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CAPTAIN GREEN AND THE TREE MACHINE

A child-friendly environmental message with an emphasis on teamwork.

The tree-planting machine a young superhero invents explodes with the effort, but he discovers that children working together can help save animals and their forest homes.

Bookless and Deeptown return with this lively follow-up to Captain Green and the Plastic Scene (2018), starring the same environment-loving protagonist. Readers meet him happily inventing something. But, like many young inventors, he’s not sure what it will do. Fate intervenes with calls for help from Hornbill, Elephant, and Orangutan. Trees are being cut, harvested, and burned, and they have no food or homes. The caped, masked hero tweaks his invention to plant trees—but how can he plant so many? His invention blows up with a “BANG!” but the sight of a classroom full of students studying trees reminds him that teamwork can also become a Tree Machine. Captain Green’s language is appealing: “Oh, green gravy!” he expostulates, and “My green-ness, this is fun!” he says as they all plant trees together. Deeptown’s cartoon illustrations show an engaging small White hero, a diverse classroom, and animals that look like animals but whose body language and expressions carry emotion. Most environmental educators would prefer not to burden preschoolers with the issue of environmental destruction, but if it seems necessary, this is lighthearted enough to fill the bill. A spread of backmatter includes concept amplification and reasonable suggestions for helping save forests.

A child-friendly environmental message with an emphasis on teamwork. (Picture book. 3-7)

Pub Date: Jan. 7, 2021

ISBN: 978-981-48-9320-6

Page Count: 32

Publisher: Marshall Cavendish

Review Posted Online: Nov. 19, 2020

Kirkus Reviews Issue: Dec. 1, 2020

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CARPENTER'S HELPER

Renata’s wren encounter proves magical, one most children could only wish to experience outside of this lovely story.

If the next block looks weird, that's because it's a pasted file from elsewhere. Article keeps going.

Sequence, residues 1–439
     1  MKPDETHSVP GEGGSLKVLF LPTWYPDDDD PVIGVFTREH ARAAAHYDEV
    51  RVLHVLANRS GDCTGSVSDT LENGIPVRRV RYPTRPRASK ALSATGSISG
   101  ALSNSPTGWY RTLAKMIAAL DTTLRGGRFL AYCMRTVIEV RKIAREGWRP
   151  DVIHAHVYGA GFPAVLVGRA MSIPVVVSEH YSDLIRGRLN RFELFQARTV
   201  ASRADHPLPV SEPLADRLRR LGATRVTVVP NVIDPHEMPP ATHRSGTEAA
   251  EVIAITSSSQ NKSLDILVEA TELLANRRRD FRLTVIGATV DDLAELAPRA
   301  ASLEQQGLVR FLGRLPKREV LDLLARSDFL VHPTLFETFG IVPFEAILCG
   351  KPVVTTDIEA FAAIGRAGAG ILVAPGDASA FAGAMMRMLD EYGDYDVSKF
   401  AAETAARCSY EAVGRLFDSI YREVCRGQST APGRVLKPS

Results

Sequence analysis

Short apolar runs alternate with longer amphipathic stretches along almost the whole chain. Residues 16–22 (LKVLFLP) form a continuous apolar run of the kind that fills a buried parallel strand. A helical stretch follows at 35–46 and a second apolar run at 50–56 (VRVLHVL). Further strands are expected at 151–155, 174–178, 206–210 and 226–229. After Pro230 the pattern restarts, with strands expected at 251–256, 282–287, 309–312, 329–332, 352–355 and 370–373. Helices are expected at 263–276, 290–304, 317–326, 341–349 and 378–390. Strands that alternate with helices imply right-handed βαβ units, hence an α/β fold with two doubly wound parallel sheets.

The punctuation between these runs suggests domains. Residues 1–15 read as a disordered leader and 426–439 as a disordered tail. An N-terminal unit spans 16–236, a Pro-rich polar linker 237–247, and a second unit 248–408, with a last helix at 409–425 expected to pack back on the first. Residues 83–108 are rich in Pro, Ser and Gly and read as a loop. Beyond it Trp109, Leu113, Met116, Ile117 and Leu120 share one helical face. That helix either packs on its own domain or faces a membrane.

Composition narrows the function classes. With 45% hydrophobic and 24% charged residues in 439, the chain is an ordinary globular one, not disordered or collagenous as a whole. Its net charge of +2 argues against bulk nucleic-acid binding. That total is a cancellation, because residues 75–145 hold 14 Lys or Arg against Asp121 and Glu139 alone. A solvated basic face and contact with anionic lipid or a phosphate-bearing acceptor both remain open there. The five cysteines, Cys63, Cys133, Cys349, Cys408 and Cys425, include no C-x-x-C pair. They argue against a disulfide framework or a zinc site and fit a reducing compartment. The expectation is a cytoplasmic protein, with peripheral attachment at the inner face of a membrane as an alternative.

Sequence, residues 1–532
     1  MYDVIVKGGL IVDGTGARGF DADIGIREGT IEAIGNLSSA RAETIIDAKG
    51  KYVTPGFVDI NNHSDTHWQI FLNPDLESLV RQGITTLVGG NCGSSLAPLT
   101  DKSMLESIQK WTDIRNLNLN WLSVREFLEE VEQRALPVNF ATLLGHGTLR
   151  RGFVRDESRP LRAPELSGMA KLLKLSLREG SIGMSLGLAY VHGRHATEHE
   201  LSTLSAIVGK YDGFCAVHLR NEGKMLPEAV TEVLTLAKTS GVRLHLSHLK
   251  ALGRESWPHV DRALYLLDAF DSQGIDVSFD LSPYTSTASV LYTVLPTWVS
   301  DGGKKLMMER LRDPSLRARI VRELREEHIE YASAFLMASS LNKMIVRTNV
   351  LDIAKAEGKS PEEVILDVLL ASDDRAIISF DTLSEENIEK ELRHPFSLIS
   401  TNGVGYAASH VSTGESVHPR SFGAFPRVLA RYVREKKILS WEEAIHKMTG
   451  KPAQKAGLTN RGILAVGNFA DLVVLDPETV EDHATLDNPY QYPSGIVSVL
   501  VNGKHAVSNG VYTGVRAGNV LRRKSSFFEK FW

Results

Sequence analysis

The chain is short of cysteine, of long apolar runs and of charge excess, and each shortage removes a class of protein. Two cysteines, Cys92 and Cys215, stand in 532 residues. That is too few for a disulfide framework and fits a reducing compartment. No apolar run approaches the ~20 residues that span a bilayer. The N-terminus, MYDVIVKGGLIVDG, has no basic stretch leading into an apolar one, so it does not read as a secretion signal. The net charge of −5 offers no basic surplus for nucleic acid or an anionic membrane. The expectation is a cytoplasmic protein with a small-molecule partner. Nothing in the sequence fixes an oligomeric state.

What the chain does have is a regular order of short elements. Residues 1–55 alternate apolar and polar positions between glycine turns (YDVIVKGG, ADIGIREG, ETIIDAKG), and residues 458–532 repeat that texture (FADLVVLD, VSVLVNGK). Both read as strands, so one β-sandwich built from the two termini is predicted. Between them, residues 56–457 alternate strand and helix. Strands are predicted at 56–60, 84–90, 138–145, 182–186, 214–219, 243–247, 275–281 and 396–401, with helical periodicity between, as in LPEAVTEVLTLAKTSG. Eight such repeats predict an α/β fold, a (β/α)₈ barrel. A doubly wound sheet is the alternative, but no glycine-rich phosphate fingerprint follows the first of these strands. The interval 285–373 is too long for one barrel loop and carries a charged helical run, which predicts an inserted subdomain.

A home-renovation project is interrupted by a family of wrens, allowing a young girl an up-close glimpse of nature.

Renata and her father enjoy working on upgrading their bathroom, installing a clawfoot bathtub, and cutting a space for a new window. One warm night, after Papi leaves the window space open, two wrens begin making a nest in the bathroom. Rather than seeing it as an unfortunate delay of their project, Renata and Papi decide to let the avian carpenters continue their work. Renata witnesses the birth of four chicks as their rosy eggs split open “like coats that are suddenly too small.” Renata finds at a crucial moment that she can help the chicks learn to fly, even with the bittersweet knowledge that it will only hasten their exits from her life. Rosen uses lively language and well-chosen details to move the story of the baby birds forward. The text suggests the strong bond built by this Afro-Latinx father and daughter with their ongoing project without needing to point it out explicitly, a light touch in a picture book full of delicate, well-drawn moments and precise wording. Garoche’s drawings are impressively detailed, from the nest’s many small bits to the developing first feathers on the chicks and the wall smudges and exposed wiring of the renovation. (This book was reviewed digitally with 10-by-20-inch double-page spreads viewed at actual size.)

Renata’s wren encounter proves magical, one most children could only wish to experience outside of this lovely story. (Picture book. 3-7)

Pub Date: March 16, 2021

ISBN: 978-0-593-12320-1

Page Count: 40

Publisher: Schwartz & Wade/Random

Review Posted Online: Jan. 12, 2021

Kirkus Reviews Issue: Feb. 1, 2021

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BECAUSE I HAD A TEACHER

A sweet, soft conversation starter and a charming gift.

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A paean to teachers and their surrogates everywhere.

This gentle ode to a teacher’s skill at inspiring, encouraging, and being a role model is spoken, presumably, from a child’s viewpoint. However, the voice could equally be that of an adult, because who can’t look back upon teachers or other early mentors who gave of themselves and offered their pupils so much? Indeed, some of the self-aware, self-assured expressions herein seem perhaps more realistic as uttered from one who’s already grown. Alternatively, readers won’t fail to note that this small book, illustrated with gentle soy-ink drawings and featuring an adult-child bear duo engaged in various sedentary and lively pursuits, could just as easily be about human parent- (or grandparent-) child pairs: some of the softly colored illustrations depict scenarios that are more likely to occur within a home and/or other family-oriented setting. Makes sense: aren’t parents and other close family members children’s first teachers? This duality suggests that the book might be best shared one-on-one between a nostalgic adult and a child who’s developed some self-confidence, having learned a thing or two from a parent, grandparent, older relative, or classroom instructor.

A sweet, soft conversation starter and a charming gift. (Picture book. 4-7)

Pub Date: March 1, 2017

ISBN: 978-1-943200-08-5

Page Count: 32

Publisher: Compendium

Review Posted Online: Dec. 13, 2016

Kirkus Reviews Issue: Jan. 1, 2017

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